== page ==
Microstructural Design of Silicon Nitride with Improved Fracture Toughness: I, Effects of Grain Shape and Size

Authors


  • S. M. Wiederhorn—contributing editor

Abstract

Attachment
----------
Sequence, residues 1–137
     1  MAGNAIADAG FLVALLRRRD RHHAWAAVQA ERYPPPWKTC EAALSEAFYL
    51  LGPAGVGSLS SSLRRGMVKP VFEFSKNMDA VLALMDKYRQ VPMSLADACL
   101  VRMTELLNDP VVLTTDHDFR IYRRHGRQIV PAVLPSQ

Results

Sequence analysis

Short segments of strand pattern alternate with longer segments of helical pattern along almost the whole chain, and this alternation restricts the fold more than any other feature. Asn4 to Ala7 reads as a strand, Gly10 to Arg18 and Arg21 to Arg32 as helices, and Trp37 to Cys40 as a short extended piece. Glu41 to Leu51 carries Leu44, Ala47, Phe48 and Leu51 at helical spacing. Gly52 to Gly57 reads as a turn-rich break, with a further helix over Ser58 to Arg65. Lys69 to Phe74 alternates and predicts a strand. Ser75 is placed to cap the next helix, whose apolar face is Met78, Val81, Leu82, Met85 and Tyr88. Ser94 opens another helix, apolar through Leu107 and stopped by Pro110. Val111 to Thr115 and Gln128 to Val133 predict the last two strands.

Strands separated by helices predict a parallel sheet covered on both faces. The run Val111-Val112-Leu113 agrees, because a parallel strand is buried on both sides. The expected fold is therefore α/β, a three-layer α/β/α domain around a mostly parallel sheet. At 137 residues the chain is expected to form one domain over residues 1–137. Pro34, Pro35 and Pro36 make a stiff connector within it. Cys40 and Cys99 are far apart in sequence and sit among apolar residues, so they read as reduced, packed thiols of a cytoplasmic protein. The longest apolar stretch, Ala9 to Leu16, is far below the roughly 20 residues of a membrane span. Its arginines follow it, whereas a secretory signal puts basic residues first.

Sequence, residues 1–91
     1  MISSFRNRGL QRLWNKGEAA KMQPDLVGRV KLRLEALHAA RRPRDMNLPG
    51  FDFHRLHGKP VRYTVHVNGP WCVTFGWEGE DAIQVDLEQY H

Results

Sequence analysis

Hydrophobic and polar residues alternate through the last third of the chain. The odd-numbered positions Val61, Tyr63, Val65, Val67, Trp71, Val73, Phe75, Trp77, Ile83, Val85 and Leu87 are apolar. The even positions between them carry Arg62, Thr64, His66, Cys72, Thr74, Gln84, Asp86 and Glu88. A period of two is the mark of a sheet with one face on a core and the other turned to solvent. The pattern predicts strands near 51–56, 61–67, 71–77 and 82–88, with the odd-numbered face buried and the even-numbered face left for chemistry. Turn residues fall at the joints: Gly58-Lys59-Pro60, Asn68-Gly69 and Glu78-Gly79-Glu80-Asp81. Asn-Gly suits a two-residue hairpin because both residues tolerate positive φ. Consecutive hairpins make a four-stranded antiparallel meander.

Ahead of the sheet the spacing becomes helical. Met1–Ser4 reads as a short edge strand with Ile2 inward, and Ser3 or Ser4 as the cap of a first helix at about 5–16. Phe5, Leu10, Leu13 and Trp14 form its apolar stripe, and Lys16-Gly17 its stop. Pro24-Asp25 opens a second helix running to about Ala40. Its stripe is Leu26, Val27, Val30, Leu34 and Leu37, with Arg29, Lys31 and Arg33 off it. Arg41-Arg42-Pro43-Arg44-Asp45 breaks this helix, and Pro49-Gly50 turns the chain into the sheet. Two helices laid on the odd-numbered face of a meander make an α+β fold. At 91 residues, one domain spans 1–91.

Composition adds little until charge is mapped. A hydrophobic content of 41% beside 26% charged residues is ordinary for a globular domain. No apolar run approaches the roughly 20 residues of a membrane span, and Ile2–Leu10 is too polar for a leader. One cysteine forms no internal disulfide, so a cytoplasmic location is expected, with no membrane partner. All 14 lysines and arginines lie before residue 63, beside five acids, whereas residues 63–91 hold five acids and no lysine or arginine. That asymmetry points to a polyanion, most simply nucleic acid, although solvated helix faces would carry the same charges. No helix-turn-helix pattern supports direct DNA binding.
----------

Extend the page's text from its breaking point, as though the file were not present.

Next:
The use of self-reinforcement by larger elongated grains in silicon nitride ceramics requires judicious control of the microstructure to achieve high steady-state toughness and high fracture strength. With a distinct bimodal distribution of grain diameters, such as that achieved by the addition of 2% rodlike seeds, the fracture resistance rapidly rises with crack extension to steady-state values of up to 10 MPam1/2 and is accompanied by fracture strengths in excess of 1 GPa. When the generation of elongated reinforcing grains is not regulated, a broad grain diameter distribution is typically generated. While some toughening is achieved, both the plateau (steady-state) toughness and the R-curve response suffer, and the fracture strength undergoes a substantial reduction. Unreinforced equiaxed silicon nitride exhibits the least R-curve response with a steady-state toughness of only 3.5 MPam1/2 coupled with a reduced fracture strength.

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